The New York Times Magazine's New World Order with Andrew Rae
For some parents, the worst six words they can hear from their children are, “I want to be an artist.” Since the rise of Napster in 2000, creative careers have been judged unfit for long-term commitment. The ubiquitous access of creative work was supposed to spell disaster for creatives who would in turn no longer be able to find regular sources of steady income. With pirated music and movies and tumbling paywalls, the traditional income streams for creative professionals were headed for the ICU. They had, in fact, mostly dried up leaving the old guard with hung heads and a dismal outlook. But it turns out the future did not conform to their bleak prophecies.
Last week, New York Times Magazine released their “The New Making It” issue that includes a cover story about the current state of the creative class called, "The Creative Apocalypse That Wasn't." The cover features an illustration by Andrew Rae who imagined this new breed of artists as abandoning the sinking ship of the traditional establishment and flying off to new heights. As Steven Johnson, the journalist who wrote the piece, found that wages are up across all sectors from music, to film, and even independent bookstores whose extinction should have already come and gone. For Andrew, illustrating a story like this is a little funny since he is a professional artist. He, too, has been absorbing the common wisdom that his profession is dying, but found encouragement in the revealed truth that it’s a totally different story. “There’s so much stuff you read about how everything is going to shit for everyone,” says Andrew. “And it’s actually quite nice to read that things are not so bad after all. Because in my experience, and a lot of people I know and work with, things are a lot better now in many ways. So it’s good to hear that confirmed empirically.” In fact, Johnson dives deep into the numbers and proves, once and for all, these breeds of creatives aren’t dying at all.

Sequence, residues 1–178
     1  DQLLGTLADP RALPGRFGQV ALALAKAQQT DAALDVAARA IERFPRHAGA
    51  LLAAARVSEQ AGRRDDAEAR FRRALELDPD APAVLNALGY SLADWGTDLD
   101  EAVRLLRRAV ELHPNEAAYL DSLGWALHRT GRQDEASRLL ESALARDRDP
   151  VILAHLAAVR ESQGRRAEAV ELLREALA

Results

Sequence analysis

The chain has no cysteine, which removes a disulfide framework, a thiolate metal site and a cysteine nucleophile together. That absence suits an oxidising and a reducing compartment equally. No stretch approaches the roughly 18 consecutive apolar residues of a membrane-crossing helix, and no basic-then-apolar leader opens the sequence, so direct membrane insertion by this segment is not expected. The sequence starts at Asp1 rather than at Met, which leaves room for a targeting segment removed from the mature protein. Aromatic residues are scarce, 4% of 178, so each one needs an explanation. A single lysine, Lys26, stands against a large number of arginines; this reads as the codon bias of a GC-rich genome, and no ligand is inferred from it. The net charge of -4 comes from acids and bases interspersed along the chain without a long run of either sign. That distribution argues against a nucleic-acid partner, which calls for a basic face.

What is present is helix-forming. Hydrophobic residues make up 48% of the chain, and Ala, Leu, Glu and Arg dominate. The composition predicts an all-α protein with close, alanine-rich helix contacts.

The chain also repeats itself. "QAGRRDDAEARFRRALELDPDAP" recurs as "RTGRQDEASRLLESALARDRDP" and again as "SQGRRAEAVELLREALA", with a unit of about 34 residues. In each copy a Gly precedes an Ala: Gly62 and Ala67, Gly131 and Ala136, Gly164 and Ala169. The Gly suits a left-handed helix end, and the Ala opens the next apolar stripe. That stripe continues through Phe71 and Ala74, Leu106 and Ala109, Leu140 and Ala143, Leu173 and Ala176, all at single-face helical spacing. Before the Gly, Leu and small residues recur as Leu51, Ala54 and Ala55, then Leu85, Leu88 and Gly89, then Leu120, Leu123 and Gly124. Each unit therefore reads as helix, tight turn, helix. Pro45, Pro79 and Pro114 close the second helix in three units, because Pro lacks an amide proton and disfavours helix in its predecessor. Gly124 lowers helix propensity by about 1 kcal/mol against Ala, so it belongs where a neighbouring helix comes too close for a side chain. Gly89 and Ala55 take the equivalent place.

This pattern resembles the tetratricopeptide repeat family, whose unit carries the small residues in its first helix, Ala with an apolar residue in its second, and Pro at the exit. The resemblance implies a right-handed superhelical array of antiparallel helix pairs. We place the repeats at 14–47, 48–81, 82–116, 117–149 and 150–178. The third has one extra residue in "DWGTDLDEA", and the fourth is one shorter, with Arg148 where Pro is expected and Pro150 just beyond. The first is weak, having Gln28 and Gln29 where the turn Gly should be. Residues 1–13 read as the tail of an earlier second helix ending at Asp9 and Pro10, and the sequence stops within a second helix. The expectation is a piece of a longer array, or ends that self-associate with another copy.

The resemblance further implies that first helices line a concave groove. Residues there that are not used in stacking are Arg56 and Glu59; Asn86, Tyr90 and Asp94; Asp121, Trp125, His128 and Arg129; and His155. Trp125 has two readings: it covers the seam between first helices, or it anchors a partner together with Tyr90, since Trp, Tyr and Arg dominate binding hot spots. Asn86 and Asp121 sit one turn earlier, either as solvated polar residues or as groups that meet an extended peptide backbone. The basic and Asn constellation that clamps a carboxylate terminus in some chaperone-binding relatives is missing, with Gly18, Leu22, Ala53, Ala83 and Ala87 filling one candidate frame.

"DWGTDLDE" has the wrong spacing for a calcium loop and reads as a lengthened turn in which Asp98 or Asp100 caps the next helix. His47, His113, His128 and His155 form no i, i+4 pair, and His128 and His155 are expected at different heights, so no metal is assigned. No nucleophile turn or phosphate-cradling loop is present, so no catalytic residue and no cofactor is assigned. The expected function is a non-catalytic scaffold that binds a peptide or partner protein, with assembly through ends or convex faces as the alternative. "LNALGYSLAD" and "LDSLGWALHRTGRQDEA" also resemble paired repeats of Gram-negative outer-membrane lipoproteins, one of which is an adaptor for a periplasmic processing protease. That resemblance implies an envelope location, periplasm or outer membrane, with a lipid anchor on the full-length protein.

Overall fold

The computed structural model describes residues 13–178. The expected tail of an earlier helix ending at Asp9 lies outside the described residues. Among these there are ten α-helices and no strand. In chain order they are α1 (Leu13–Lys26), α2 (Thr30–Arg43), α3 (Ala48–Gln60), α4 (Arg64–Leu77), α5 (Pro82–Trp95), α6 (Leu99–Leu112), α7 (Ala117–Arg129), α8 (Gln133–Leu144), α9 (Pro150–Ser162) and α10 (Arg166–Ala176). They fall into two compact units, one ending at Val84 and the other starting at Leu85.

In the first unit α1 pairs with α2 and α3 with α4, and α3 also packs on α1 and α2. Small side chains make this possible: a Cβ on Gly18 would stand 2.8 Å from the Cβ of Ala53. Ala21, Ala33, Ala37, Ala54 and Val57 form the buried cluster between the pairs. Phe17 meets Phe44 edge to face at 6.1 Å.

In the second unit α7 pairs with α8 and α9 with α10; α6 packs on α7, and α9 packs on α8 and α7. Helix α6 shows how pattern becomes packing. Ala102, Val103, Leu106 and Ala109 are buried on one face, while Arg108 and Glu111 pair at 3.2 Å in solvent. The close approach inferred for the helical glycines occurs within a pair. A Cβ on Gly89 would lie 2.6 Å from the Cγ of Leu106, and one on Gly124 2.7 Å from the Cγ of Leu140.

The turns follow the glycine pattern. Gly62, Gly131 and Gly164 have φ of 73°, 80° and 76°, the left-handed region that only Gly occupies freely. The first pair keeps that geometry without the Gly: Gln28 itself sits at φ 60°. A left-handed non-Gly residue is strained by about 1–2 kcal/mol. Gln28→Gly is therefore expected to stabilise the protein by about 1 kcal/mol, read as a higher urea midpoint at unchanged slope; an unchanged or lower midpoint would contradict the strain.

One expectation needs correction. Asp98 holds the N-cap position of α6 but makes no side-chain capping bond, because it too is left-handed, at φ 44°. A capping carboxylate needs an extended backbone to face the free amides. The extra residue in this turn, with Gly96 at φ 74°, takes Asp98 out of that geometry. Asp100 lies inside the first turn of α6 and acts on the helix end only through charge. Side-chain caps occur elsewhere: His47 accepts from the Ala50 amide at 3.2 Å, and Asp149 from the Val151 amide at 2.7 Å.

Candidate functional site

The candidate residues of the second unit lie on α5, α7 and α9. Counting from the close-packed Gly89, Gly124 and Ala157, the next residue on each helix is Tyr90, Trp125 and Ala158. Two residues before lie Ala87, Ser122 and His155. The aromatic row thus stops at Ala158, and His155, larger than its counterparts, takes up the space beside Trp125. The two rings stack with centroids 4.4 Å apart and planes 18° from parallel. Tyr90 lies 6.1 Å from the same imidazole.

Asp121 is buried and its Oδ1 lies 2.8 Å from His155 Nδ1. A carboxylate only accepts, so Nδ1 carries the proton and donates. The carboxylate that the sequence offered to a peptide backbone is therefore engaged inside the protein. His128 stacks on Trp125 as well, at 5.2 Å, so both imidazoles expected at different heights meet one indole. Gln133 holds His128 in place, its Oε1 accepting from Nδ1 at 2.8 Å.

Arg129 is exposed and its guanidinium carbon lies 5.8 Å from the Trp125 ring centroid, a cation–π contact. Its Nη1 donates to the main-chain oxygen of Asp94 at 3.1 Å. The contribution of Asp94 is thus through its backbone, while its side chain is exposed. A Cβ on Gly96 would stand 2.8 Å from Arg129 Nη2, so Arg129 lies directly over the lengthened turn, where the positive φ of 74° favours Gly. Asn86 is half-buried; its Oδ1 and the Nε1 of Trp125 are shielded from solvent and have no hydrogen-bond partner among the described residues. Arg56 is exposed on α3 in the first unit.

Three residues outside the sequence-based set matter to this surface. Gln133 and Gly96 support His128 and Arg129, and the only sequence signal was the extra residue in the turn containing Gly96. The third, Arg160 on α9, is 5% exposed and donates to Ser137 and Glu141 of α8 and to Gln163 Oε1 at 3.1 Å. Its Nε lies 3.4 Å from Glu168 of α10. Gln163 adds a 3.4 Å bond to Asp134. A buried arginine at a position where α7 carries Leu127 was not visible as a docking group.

After seeing Andrew’s illustration on the cover, the inspiration is obvious, but a composition like this isn’t ripped from the sky. “I was having trouble thinking of actual images to draw, I was picking things from the text,” says Andrew. “I don’t know where it came from but I just hit on the idea of the sinking ship, and it just seemed to work. The ship represents the industry, the old school, with various people doing creative things launching into the sky.” It is the visual representation of the new creative world order. Only by abandoning traditional structures can these artists make their way. The same arguments of moribund disciplines are made every few decades, but it is never the art that suffers, only expired systems constructed to sell and distribute art. As the old adage goes, “Life finds a way.”